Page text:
Much of advertising is picking the best audience to target. The more you target to people who might be receptive to your product, the better you’re likelier to do. In the wake of the Cambridge Analytica fiaso, third-party data was taken out of Facebook, but the remaining options are still very powerful. There are many ways to target Facebook ad, but I’ve found the most effective ways to target customers on Facebook is to use these three approaches:
- Your Current Customers (Custom Audiences)
- People similar to your current customers (Lookalike Audiences)
- People who like your competitors, or complementary services
Below is a quick guide:
Custom Audiences – This is your own CRM data. If you upload a list of emails to Facebook, they will match them with Facebook users, who you can then advertise to as a group. This is a great option for businesses that have new or seasonal products that come out. For businesses that are already large, consider segmenting this list by product, recency, or demographic,, and then crafting unique ads that appeal to them as a group in Facebook. Important note: custom audiences are a great tool for B2C businesses, but not B2B. The reason for this is that most people don’t use their work emails on Facebook, so Facebook can’t find matches in its users, since it mainly has personal emails.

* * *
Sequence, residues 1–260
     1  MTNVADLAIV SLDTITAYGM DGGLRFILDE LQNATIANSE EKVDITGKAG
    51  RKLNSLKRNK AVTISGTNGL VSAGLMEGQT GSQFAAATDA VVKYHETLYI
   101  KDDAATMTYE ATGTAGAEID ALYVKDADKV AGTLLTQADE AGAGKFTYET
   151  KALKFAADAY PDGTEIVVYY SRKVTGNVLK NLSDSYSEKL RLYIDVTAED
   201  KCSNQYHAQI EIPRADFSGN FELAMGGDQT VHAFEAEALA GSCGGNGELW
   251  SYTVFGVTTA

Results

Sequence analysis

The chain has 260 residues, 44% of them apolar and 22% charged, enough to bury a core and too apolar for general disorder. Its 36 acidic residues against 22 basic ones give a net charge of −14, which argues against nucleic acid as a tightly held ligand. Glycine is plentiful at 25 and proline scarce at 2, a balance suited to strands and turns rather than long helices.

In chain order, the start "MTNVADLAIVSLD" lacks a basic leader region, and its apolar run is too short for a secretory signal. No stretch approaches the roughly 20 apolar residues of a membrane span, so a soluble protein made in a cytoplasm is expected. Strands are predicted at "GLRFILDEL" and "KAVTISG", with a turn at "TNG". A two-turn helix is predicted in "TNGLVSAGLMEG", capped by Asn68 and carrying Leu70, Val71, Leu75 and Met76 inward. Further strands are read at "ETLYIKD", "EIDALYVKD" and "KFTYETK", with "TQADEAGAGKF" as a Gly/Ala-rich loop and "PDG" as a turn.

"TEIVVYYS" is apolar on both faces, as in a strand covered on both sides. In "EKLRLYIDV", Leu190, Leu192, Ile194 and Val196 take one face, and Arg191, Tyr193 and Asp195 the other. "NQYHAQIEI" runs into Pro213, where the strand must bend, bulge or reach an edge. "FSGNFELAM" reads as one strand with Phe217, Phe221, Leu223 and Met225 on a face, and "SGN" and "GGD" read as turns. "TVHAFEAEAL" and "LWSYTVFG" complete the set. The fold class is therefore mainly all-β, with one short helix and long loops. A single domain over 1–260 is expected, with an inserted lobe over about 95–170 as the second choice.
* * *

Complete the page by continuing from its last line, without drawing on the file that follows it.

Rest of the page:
Lookalike Audiences – This is one of the most powerful tools in Facebook advertising. Facebook takes a custom audience, and then constructs a larger group that has similarities to your current customers across a range of factors. The lookalike audience will be much larger than your current CRM list, but much likelier to buy than a random group of people. Note that the custom audience option needs at least 100 members in the list, with at least 20 to match in Facebook. The more people in the custom audience, the more the LaL audience is likely to be a good match, and thus likely customers.
Competitor Pages – Facebook allows you to target people who have liked any page on Facebook, not just yours. A great way to use this feature is to target competitor pages. For example, if you are in the education market, you can type in “Khan Academy” in the interests pages, and target the 1 million people who have listed Khan Academy as an interest. A lesser known way to use this, but equally helpful, is to target complementary business pages. So a cosmetic dentist might target people who have liked pages for various makeup brands, reasoning that people who are in market for makeup might also want a better smile. Thinking about complementary businesses opens up your reach, and can get your product in front of people who haven’t yet made a purchase in your category.
While there are many other options for targeting, I find these three are among the most powerful and unique to Facebook.